By: Bryan Lee, UHEAA
Credit scores are essential when determining if you qualify for a credit card, loan, or even a mortgage. Our credit scores also impact the interest we pay on loans and whether the loan is approved or denied.
Did you know that apartment rentals, cell phone companies, and insurance companies may offer a lower security deposit if you have good credit? Good credit indicates that you take your financial responsibilities seriously. Here are four simple tips to help you grow your credit score.
1. Get Your Credit Report.
Every 12 months you are entitled to one free copy of your credit report from each of the major credit reporting agencies: Equifax, Experian, and TransUnion. You can order yours at www.annualcreditreport.com.
While these free reports do not show you your credit score, they do contain detailed information about your bill payments, loans, current debt, previous debt, income, employer, location and more. It is wise to keep a close eye on your credit score to decrease the potential for identity fraud, theft, and additional errors in your financial life.
What if my credit report is inaccurate?
Don’t panic – A company may have incorrectly reported information to the credit bureau or someone with your same name might have ended up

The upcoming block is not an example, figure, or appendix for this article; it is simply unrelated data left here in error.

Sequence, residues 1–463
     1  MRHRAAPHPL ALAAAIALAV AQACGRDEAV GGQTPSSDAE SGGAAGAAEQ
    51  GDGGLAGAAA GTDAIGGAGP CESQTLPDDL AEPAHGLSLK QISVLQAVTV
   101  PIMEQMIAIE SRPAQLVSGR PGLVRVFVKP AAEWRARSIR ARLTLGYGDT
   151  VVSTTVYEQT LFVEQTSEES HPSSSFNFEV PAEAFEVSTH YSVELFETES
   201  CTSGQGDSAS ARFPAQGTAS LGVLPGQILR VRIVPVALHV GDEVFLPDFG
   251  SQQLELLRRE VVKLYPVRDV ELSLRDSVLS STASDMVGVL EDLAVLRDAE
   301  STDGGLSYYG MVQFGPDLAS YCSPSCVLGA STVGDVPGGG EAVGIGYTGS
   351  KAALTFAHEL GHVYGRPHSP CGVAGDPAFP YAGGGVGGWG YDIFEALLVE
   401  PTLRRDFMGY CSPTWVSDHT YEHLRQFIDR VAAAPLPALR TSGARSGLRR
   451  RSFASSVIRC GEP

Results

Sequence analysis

on your report. You can dispute errors and have the incorrect information removed by contacting the credit bureau.
2. Pay Your Bills on Time.
Paying bills on time is something you may or may not have an issue with, however this is proven to help your credit score exponentially. Creditors like seeing that you are low-risk and prefer to see positive payment behaviors over a period of time. Set a plan to pay bills on time and stick with it.
3. Manage Your Debit and Credit Cards Wisely.
Tips for Managing Your Cards:
- Keep a low balance. Credit card balances should be within 30% of the credit limit to maintain good credit.
- Do not “max out” your credit card.
- Set up auto pay and pay your credit card bill on time.
- Set up bank alerts or overdraft protection to avoid additional fees and financial hardships.
4. Seek a Financial Mentor
Do you have someone who you often turn to for guidance and advice? They also might be helpful for giving some personal oversight to building your credit. Whether it’s your parents, a professor, friend or school counselor— you have mentors waiting, eager to help you – you just need to be willing to ask.
Part of financial responsibility is being actively aware and knowledgeable about your finances. You’re never too late to start building your credit and working to achieve your financial goals.